I am a big fan of how Valhalla structures your story and side missions. With Odyssey at the 25-hour mark, my quest log was filled with main missions and side-quests with icons filling the map to the point of incomprehension. Valhalla takes a more controlled approach to things, I might have a small range of quests granted by my friends in Ravensthorpe, but side-missions from any and every random Anglo-Saxon or Viking you come across just don’t exist in the same way that you might expect.
Rather than having available mission markers appear in every town or village, the map highlights wealth (armour, skill upgrades), artifacts (treasure maps, Roman trinkets) or mysteries (small quests, encounters with beings of Norse lore) through colour coded dots. Each dot offers something to do, but they don’t rationalise into a marker revealing their true meaning until you come across them. It makes for travelling through the gorgeous swathes of English countryside much more rewarding when you feel that you have stumbled across something worth finding. Sometimes you might find a puzzle which you can’t complete until much later in the game, but other times there is a simple joy in finding a hidden entrance and figuring out how to gain access, then exploring until you find your reward.
For some this might lead to a game world which feels empty and devoid of life, for me it means I can focus on the main story missions when I want but also offering a true sense of exploration and excitement when I find something new. Viewpoints are of course important to climb and synchronise, but even then they will only reveal the wealth, artifact or mystery locations, not what those specific moments are.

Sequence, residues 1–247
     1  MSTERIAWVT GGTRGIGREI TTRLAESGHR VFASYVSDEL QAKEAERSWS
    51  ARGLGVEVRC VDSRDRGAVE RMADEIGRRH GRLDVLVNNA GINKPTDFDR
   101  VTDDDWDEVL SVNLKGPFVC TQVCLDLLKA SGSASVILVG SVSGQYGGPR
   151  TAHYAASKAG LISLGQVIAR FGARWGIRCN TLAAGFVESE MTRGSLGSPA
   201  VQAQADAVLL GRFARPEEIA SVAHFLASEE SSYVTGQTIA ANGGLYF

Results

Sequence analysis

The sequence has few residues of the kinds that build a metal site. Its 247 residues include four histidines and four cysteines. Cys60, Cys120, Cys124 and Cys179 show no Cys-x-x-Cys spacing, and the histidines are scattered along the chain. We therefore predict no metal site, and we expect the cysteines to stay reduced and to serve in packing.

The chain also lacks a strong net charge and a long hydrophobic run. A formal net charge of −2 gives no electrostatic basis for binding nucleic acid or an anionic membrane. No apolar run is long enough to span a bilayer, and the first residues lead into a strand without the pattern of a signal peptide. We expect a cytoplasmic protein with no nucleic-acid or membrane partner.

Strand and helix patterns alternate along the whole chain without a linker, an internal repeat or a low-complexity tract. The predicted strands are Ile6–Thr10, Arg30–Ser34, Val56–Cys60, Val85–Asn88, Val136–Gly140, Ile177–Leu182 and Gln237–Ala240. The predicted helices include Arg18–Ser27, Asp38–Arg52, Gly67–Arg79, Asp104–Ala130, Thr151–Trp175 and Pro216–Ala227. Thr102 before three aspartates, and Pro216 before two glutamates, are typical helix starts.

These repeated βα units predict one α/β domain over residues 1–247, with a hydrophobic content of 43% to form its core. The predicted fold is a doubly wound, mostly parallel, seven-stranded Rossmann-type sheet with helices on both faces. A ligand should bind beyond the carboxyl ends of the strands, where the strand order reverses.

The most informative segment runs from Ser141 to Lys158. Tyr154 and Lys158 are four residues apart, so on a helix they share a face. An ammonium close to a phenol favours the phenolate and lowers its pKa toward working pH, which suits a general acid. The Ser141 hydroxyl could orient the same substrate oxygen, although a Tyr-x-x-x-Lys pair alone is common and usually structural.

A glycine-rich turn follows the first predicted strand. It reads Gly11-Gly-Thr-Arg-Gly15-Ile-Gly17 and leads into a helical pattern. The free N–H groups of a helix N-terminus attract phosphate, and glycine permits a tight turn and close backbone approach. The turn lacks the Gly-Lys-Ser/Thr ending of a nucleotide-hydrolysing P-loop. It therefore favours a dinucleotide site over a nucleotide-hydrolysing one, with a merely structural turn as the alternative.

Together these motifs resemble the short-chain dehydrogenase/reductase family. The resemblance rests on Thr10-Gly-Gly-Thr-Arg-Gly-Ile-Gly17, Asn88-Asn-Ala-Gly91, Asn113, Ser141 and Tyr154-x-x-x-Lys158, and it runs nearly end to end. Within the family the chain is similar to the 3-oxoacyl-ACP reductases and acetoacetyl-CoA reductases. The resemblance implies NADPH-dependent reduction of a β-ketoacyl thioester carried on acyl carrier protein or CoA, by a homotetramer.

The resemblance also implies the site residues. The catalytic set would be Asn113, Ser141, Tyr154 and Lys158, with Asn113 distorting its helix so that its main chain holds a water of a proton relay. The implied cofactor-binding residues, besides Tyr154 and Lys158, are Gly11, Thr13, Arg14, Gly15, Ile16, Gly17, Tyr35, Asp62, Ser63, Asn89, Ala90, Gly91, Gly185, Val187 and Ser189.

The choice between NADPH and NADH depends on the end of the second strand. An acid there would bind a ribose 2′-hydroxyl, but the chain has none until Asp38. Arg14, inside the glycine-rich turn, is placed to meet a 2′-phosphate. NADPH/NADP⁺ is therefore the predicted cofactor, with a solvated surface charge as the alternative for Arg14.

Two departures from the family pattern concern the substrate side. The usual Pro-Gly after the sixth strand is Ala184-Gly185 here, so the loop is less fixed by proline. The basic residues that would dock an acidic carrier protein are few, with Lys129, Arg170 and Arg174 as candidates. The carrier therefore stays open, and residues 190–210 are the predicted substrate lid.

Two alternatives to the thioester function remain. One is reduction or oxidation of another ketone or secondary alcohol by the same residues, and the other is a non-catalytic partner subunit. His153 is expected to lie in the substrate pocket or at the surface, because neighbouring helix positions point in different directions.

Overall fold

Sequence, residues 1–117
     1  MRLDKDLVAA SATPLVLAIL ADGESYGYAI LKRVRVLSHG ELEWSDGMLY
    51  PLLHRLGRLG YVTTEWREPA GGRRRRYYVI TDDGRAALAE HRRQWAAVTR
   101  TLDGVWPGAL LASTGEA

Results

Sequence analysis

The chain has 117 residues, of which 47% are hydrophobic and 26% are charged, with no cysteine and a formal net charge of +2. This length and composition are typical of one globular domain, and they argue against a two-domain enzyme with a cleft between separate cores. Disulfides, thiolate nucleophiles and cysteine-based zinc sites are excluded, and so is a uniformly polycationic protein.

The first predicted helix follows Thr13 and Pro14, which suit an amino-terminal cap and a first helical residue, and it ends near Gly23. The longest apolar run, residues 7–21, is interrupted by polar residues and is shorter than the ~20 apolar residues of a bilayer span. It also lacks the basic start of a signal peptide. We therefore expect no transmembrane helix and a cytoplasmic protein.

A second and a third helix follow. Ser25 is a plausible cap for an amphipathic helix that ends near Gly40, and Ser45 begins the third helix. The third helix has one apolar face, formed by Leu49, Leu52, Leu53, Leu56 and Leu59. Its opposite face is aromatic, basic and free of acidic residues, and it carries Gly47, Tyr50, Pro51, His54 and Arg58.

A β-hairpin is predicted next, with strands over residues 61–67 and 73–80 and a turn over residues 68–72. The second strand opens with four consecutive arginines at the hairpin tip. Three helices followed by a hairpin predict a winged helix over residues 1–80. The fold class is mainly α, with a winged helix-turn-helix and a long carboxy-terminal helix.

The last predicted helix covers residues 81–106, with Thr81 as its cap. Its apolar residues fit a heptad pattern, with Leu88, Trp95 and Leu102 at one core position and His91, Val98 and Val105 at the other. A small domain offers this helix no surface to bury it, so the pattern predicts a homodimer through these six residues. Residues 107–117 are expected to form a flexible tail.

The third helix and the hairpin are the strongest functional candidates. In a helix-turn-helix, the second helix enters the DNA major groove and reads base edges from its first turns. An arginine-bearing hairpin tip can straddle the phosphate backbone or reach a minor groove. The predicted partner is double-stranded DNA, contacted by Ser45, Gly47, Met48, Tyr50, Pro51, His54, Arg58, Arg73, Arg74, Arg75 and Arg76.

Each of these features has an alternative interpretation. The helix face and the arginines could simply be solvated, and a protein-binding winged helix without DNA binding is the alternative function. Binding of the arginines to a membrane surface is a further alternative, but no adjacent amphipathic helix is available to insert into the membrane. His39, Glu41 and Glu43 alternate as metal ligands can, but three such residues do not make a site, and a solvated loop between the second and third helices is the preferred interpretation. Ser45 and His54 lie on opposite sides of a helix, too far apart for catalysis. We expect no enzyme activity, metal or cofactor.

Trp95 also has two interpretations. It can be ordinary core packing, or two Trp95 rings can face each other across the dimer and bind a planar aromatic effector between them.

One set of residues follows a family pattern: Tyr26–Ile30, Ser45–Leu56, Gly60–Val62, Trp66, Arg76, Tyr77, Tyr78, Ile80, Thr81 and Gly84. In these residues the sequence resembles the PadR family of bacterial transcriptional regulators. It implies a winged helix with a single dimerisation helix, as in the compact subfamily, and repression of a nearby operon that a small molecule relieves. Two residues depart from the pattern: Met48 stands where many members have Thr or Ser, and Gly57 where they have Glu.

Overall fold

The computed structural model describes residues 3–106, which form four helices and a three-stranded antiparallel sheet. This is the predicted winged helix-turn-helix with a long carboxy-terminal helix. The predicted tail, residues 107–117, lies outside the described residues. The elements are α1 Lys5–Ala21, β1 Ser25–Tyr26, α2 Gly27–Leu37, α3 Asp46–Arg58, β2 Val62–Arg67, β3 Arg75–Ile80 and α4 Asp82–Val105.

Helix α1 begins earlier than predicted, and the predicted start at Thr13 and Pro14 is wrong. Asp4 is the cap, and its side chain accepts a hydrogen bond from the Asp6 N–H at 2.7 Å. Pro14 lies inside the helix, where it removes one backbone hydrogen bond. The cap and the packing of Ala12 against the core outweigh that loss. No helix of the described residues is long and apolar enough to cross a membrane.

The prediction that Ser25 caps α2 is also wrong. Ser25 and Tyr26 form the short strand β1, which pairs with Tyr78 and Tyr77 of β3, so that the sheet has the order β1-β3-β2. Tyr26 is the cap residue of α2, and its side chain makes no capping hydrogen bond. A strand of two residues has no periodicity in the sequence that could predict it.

Story missions themselves tend to follow a fairly structured route, but feel like well paced chapters in a novel with an introduction in Ravensthorpe, plenty of middle action then a blow-off battle during the Assault, normally followed by a quest which feels like a nice epilogue to wrap up that part of the story.
The story chapters in England are focused on forming alliances with established Viking settlements or friendly Anglo-Saxon rulers, and while the game might not accurately represent 9th Century English politics, it makes sense in the context of the game and the story being told.
What you have with Valhalla is a very good game, and one that when I put together my Game of the Year thoughts will come right near the top. It offers a beautiful world to explore, although it certainly lacks the Mediterranean flair of Odyssey, and the structure of the quests avoids the sense of being overwhelmed that can come with so many open-world RPGs. The return of some aspects of the traditional ‘Assassin’ moments is welcomed, and there is enough Norse mythology to entertain those who want something beyond the real world. It’s up there with some of the best games I’ve played this year, and is a great game, not just a great Assassin’s game.
The Verdict – Red Mist
Platforms Available – PC, PlayStation 4, PlayStation 5, Xbox One and Xbox Series S|X
Platform Reviewed – PlayStation 5
For more on our scoring policy, please see this post. Review based on retail purchased copy.